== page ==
Adrienne (Ariaentje) Cuvelier

Female Abt 1590 - 1655


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  • Born  Abt 1590  Valenciennes, Nord-Pas-DE-Calais, France Find all individuals with events at this location 
    Gender  Female 
    Died  1655  New Amsterdam, New Netherland Find all individuals with events at this location 
    Family 1  Guillaume Vigne,   d. Abt 1632, New Amsterdam, New Netherland Find all individuals with events at this location 
    Married  Abt 1610 
    Notes 
    Married:
    • The Vignes established their Manhattan farm north of what is now Wall Street, along the East River. In 1624 or 1625, not long after their arrival, their son Jan was born. He was the first European male born in New Netherlands. [The first European girl born in New Netherlands was Sara Rapaelje, in June 1625.] Guillaume died about 1632. His two oldest daughters had already married by that time, Christine to Dirck Volckertszen, and Maria to Jan Roos. He left his wife with two minor children.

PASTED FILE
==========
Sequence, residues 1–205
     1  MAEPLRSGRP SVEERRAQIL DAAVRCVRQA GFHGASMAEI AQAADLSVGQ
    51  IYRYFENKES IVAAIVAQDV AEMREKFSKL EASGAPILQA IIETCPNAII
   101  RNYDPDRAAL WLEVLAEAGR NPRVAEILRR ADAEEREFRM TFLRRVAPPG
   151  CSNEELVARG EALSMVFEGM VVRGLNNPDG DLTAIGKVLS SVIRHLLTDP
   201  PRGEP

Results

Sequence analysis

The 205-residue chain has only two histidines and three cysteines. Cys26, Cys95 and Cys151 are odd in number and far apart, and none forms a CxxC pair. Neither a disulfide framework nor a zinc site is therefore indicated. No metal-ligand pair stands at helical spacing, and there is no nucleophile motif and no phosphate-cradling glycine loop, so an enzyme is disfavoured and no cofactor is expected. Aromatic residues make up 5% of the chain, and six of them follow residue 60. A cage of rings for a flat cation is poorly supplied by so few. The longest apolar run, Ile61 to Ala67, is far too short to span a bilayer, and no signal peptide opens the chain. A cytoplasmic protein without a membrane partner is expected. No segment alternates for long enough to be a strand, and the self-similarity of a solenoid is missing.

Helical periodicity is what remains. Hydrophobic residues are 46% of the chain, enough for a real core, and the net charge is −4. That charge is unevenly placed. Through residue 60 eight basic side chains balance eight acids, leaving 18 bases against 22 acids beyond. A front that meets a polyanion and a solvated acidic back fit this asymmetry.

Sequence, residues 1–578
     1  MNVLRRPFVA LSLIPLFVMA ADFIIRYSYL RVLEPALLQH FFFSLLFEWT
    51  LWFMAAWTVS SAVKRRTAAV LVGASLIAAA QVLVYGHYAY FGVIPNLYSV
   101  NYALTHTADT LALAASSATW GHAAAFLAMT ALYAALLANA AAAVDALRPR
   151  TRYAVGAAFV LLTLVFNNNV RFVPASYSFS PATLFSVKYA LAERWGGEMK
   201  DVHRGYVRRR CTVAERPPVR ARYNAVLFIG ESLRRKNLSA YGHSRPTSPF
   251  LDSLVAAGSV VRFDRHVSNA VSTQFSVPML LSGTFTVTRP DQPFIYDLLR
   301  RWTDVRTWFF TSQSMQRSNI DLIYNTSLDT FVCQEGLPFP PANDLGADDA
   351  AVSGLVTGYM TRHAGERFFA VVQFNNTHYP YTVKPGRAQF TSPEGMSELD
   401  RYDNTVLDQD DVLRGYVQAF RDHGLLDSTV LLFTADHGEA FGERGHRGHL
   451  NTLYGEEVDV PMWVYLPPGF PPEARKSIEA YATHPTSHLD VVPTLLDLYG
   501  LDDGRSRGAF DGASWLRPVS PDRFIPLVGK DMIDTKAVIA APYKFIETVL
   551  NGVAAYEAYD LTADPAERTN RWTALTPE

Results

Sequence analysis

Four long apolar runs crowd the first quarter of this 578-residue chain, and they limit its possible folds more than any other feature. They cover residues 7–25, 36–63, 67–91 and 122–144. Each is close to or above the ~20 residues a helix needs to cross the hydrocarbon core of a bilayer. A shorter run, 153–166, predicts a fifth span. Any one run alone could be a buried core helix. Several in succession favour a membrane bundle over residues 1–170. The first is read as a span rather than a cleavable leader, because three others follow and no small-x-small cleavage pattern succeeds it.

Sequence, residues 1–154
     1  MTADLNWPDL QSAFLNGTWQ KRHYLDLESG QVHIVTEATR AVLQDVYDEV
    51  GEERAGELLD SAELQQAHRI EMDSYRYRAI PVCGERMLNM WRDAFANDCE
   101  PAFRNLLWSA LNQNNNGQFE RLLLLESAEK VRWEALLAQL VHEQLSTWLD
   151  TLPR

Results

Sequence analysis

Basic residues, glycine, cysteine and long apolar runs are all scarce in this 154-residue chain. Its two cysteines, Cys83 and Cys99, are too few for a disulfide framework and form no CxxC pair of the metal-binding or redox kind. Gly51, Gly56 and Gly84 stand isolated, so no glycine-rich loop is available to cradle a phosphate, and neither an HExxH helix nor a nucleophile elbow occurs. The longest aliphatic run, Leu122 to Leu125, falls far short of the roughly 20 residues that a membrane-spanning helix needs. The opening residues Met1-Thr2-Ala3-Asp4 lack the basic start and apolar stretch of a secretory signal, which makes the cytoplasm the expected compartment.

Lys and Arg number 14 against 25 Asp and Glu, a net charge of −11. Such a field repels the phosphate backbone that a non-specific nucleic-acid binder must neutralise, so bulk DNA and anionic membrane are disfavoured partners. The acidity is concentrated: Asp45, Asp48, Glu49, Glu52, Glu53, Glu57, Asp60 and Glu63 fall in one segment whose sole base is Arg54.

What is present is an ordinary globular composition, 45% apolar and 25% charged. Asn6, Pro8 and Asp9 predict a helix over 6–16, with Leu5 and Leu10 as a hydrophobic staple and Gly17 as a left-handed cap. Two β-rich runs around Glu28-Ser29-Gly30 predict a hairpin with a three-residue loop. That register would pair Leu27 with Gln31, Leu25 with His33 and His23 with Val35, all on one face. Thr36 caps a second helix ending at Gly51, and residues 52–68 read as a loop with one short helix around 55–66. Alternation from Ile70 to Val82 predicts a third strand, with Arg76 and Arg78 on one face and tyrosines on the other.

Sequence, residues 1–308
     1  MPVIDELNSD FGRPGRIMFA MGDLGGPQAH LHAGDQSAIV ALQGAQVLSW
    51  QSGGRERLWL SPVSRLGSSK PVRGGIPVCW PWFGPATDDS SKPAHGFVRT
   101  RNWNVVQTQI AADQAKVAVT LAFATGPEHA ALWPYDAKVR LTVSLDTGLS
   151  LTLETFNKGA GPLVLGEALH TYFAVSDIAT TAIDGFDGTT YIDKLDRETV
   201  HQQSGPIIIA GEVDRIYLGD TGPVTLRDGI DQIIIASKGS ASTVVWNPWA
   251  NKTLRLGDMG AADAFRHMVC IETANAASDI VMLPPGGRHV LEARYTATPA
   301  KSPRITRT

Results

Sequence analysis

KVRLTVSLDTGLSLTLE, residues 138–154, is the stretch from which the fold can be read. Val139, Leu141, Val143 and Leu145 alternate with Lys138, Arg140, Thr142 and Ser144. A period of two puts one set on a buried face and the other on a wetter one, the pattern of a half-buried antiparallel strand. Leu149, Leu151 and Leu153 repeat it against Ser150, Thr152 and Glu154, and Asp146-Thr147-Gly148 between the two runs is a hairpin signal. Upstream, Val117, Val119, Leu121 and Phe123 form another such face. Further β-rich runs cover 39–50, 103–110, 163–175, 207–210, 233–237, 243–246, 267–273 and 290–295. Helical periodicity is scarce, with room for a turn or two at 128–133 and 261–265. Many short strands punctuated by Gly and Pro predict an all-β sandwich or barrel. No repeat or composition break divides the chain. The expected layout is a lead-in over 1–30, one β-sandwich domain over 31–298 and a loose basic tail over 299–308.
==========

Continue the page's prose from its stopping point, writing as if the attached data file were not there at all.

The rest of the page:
Children 
     1. Christine Vigne,   b. Between 1610 and 1613,   d. Bef 24 Apr 1677, Bushwyck, Kings, NY Find all individuals with events at this location
     2. Maria Vigne,   b. Abt 1613,   d. 1689
     3. Rachel Vigne,   c. 2 Sep 1618, Walloon Church, Leiden, Netherlands Find all individuals with events at this location,   d. died young
     4. Abraham Vigne,   b. 1619, Leiden, Netherlands Find all individuals with events at this location,   d. died young
     5. Sara Vigne,   b. 1619, Leiden, Netherlands Find all individuals with events at this location,   d. died young
     6. Abraham Vigne,   b. 1621, Leiden, Netherlands Find all individuals with events at this location,   d. died young
     7. Rachel Vigne,   b. 1623, Leiden, Netherlands Find all individuals with events at this location,   d. 1663, New York, NY Find all individuals with events at this location
     8. Jan Vigne,   b. Abt 1624, New York, NY Find all individuals with events at this location